To celebrate Mother’s Day 2017, NFWL asked members to share their stories of their mothers and motherhood. Here is Oklahoma Governor Mary Fallin’s story:
Mother’s Day is a very special time for me, as my mother was one of the most wonderful influences on my life. She taught me to always work hard, to do my best, to dream big, and not to let others tell you that you can’t do something just because of your gender. Without her love, encouragement and prayers, I wouldn’t be where I am today.
It took a lot of hard work, perseverance and courage to become the first female lieutenant governor in Oklahoma along with the first female governor. I credit my mother for giving me that belief and fortitude to do so. It has been a long and oftentimes tough road.
Although both of my parents were public servants and both served as mayor of Tecumseh, my hometown, it never crossed my mind to go into politics until I became a mother.
As a young mother, I started paying attention to the quality of our education system and public safety. As a businesswoman, business-friendly policies became important to me. So I decided to run for office.
My first race for office was in the 1990 elections when I decided to run for a seat in the Oklahoma House of Representatives. Early in my campaign though, I got sick – only to discover my husband and I were expecting our second child.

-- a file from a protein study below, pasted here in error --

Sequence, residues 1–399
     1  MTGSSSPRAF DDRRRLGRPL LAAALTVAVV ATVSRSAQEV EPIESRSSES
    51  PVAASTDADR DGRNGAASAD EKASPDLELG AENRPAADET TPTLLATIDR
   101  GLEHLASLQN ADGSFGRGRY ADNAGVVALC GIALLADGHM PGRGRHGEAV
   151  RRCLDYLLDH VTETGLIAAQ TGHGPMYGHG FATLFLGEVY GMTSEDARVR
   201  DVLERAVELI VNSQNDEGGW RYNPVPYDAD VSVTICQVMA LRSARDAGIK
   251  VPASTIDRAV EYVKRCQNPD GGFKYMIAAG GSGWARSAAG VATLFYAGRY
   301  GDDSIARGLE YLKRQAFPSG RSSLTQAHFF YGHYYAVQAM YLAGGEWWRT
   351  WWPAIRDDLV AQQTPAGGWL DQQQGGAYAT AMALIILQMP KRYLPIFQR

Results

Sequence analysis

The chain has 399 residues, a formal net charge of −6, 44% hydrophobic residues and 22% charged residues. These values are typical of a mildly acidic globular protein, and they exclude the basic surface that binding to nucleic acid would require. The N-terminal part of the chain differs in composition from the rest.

I had a difficult decision to make to stay in the campaign or not. I chose to stay in and finish the race – and delivered my son between the primary and general election!
It was tough, as I already had a three-year-old daughter. It was rewarding though – I was running to make Oklahoma a better place and being a mother just emphasized why I wanted to make a difference.
Though I can tell you, being pregnant and managing a toddler while on the campaign trail is no easy task! It took a lot of time, patience, multi-tasking, and commitment.
I was eight months pregnant – and 40 pounds heavier! – when I won the primary. I gave birth to my beautiful son, Price, at the end of September, and five weeks later, I won my first election.
I’ve now been in politics for 26.5 years, and know that being a mother has made me a better politician and a better leader. Every moment I spend with my children (my husband, Wade, and I have six adult children between us), I am reminded of exactly why I got into politics in the first place: to make a difference and make the future better.